Database

SQL: Calculated Fields

When working with SQL you will inevitably be asked to return data from your database in a way it's not stored. You'll be asked to return city, state and zip as a single string, yet they are stored separately. You'll be asked to return grand totals, but you only have line item totals. You'll be asked to provide counts, totals, or averages, and none of that is in the database. The answer to all these scenarios is to calculate those values for the user.

Concatenating Fields

Let's say we have an address table, and the columns city, state, and zip are each stored in there as VARCHAR. It's important that all three are varchar, otherwise you'll get errors when you try to combine them all into one string. Given this table, you want to present a list of "cityName, state zipcode". Note the spacing and the comma in the string. How would we do this?

SELECT
city + ', ' + state + ' ' + zip AS [output]
FROM address

output
--------
Charlotte, NC 28222
Kannapolis, NC 28081
Beverly Hills, CA 90210

Concatenating VARCHAR values is simple. Just remember all the fields have to be VARCHARs before concatenation. If one or more fields aren't, then you can CONVERT them to VARCHAR first.  

Mathematics

Let's say you have a table of sales, and in that table it lists, productName, quantitySold, and price. How could you query this table to add a subtotal column that shows the price paid for that quantity sold?

SELECT
productName
, quantitySold
, price
, quantitySold * price AS subTotal
FROM sales

productName quantitySold price subtotal
----------------- ---------------- -------- -----------
pen 1 .99 .99
paper 25 1.00 25.00

 

 

 

 

You can use any mathematical operator in the place of *. Basically any time you compute a column, the query will look like a formula, keep that in mind, and this will be a breeze!

Conclusion

This is only the beginning of creating calculated fields in SQL. In letter posts I'l show you extra functions that can do far more than simple math. After that I'll show you aggregate functions that can sum several rows of information into one row. If you have any questions, please send them in, I'm working hard to help explain the fundamentals of SQL so you can become better equipped to work through the many questions you'll be asked one day. I can only help you, if you "help me, help you."

Other Recommended Articles:

SQL - The Advanced LIKE Clauses

SQL 101 - The WHERE clause

About the Author: 

Look no further for expertise in: Business Analysis to gather the business requirements for the database; Database Architecting to design the logical design of the database; Database Development to actually build the objects needed by the business logic; finally, Database Administration to keep the database running in top form, and making sure there is a disaster recovery plan. Connect with Shannon Lowder.

Posted in: 
Development
Bookmark and Share

SQL - Select Filtering (Part 2)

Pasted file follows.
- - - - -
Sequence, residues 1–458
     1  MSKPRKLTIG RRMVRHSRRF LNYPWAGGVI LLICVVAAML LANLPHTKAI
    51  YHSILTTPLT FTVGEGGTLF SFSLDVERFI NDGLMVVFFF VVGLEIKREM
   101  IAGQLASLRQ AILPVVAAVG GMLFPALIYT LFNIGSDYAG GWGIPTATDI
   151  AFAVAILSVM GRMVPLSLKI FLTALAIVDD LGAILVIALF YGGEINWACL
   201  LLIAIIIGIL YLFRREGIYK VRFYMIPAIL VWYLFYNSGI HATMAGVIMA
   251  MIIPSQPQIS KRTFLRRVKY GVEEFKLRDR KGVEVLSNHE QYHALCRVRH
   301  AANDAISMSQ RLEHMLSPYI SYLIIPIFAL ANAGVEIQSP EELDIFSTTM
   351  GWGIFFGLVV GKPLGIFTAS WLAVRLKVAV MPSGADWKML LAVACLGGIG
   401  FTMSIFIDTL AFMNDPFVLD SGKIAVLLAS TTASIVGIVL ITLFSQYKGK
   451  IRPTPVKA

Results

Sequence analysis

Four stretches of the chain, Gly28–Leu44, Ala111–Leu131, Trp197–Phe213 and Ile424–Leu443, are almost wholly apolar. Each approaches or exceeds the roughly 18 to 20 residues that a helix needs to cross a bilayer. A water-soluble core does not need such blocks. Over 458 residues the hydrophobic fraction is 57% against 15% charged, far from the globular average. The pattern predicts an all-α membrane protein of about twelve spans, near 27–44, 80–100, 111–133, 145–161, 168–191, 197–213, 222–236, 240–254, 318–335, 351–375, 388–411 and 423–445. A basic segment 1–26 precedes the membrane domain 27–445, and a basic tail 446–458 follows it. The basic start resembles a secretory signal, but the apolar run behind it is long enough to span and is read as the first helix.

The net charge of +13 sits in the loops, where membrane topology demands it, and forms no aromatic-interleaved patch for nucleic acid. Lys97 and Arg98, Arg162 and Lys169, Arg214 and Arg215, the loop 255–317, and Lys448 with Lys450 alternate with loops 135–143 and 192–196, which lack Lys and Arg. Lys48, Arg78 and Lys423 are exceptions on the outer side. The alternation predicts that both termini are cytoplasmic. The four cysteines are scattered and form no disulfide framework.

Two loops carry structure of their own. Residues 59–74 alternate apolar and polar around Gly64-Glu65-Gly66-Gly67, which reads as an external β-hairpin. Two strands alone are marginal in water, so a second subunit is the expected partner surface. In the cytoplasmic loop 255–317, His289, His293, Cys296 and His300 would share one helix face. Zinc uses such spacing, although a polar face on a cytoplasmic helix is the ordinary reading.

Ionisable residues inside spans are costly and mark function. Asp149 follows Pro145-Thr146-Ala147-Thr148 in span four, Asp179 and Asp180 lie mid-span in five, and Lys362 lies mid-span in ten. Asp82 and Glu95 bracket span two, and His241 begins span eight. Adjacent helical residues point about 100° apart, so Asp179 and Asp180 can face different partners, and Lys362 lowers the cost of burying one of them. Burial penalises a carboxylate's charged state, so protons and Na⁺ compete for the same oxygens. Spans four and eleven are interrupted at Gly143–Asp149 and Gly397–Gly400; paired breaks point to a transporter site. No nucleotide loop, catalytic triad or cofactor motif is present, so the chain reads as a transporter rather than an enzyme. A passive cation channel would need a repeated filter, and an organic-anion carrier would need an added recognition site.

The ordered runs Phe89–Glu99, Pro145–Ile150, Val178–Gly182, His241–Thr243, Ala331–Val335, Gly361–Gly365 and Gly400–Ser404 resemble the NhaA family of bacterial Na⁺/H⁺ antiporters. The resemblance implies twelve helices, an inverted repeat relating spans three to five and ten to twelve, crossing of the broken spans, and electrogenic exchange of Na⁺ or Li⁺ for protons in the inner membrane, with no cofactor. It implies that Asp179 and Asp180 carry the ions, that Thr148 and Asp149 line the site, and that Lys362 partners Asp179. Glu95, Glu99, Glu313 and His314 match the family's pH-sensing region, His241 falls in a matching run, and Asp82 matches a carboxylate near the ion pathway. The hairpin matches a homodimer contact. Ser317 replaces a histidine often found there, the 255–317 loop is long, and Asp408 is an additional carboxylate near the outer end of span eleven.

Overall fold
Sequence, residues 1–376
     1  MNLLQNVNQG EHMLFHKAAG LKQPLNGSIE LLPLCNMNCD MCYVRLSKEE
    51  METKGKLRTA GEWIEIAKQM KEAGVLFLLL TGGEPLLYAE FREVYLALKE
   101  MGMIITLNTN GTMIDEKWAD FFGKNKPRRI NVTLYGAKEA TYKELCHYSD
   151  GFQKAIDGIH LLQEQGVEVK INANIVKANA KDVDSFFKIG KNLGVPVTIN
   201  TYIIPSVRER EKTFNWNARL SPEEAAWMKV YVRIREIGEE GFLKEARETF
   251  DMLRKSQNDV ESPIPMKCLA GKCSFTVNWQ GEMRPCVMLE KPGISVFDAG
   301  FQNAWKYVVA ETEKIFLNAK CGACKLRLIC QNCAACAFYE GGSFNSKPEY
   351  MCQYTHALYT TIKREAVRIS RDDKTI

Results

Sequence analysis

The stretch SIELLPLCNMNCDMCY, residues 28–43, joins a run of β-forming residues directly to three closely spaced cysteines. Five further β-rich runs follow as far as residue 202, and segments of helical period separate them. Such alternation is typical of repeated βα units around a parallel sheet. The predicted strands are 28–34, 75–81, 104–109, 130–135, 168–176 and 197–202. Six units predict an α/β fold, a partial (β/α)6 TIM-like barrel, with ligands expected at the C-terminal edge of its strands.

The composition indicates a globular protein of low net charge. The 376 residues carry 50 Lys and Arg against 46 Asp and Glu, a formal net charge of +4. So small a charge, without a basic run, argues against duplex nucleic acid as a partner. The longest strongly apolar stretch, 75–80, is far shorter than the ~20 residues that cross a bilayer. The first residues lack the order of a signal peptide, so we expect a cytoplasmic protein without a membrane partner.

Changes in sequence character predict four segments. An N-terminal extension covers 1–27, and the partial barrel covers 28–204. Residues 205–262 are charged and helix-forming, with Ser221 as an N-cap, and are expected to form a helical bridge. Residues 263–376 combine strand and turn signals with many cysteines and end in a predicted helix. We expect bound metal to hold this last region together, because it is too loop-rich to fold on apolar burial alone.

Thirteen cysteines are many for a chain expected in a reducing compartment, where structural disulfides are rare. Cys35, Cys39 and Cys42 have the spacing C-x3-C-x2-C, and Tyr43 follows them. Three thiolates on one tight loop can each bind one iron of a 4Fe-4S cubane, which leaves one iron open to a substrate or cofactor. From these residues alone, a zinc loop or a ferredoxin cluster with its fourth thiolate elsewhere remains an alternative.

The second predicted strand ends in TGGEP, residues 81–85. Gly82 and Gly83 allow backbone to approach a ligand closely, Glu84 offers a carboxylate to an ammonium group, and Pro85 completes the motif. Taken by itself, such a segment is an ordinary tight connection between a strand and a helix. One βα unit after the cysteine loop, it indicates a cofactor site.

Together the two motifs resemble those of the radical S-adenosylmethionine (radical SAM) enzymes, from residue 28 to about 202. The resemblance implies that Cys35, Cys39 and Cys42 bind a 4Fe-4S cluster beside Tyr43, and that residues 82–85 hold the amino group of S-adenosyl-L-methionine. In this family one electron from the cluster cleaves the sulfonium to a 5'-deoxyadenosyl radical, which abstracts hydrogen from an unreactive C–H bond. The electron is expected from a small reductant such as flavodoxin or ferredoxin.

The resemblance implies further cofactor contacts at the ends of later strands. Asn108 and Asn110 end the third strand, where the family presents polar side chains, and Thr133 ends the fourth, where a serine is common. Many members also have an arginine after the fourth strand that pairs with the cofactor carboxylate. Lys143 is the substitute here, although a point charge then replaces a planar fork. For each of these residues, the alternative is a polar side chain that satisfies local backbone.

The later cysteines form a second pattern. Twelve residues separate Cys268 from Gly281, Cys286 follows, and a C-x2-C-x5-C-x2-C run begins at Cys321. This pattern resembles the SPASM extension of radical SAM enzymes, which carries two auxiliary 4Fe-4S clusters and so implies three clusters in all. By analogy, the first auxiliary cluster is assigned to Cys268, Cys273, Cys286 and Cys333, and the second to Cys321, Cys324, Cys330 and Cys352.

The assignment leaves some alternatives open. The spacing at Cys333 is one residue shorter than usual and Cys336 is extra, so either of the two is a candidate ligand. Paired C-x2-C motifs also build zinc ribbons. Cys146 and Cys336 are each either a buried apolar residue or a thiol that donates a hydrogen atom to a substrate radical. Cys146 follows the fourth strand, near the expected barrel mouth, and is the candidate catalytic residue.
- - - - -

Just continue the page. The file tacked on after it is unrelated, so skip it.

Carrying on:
In the previous post, I covered the WHERE clause. You should now feel pretty comfortable limiting the number of rows you get to return based on the values in a column. But I'm sure you've already asked "How can I limit based on two different columns?" I'm glad you asked!

You can chain together your WHERE clause predicates by using AND or OR. If you've had any programming experience before you should be pretty familiar with these two. If you choose AND, then both criteria have to be true. If you choose OR, then only one has to be true.

Ok, let’s look at my Person.Contact table again, I want to look at all the Skywalkers in that table.

SELECT
FirstName, LastName
FROM person.Contact
WHERE
LastName = 'Skywalker'

OUTPUT

FirstName  LastName
--------- ---------
Luke Skywalker
Marvin Skywalker
Michael Skywalker

 

Looks like I have 81 Skywalkers in my Person.Contact table. Who knew, they were so prolific? Anyway, the problem with getting all 81, is I only wanted to look at Luke’s record. Since we know the FirstName and the LastName, we can combine them into one WHERE clause using the AND operator.

The AND operator

SELECT
FirstName, LastName
FROM person.Contact
WHERE
LastName = 'Skywalker'
AND FirstName = 'Luke'

OUTPUT

FirstName  LastName
--------- ---------
Luke Skywalker

Now we can see the one record we want. You can chain together as many criteria as you need with the AND clause.

The OR Operator

Like I was saying before, when you use the OR operator, if either of your two tests are true, then the result will be returned. Let’s take our last query and change the AND to an OR, and look at how the results have changed.

SELECT
FirstName, LastName
FROM person.Contact
WHERE
LastName = 'Skywalker'
OR FirstName = 'Luke'

OUTPUT

FirstName  LastName
--------- ---------
Luke Skywalker
Luke Foster
Marvin Skywalker

On my server, I got 133 results. This query returns every record in Person.Contact where the first name is Luke, no matter what the last name. It also shows you every record with Skywalker as the last name, no matter what the first name is. That's what OR does. It returns results that match either criterion.

Combining AND With OR

I'd like to issue a word of caution. When you need to combine AND with OR, please be aware of the order in which the comparisons will be made. This is where I introduce parentheses into my queries. Anyone remember "Please Excuse My Dear Aunt Sally"?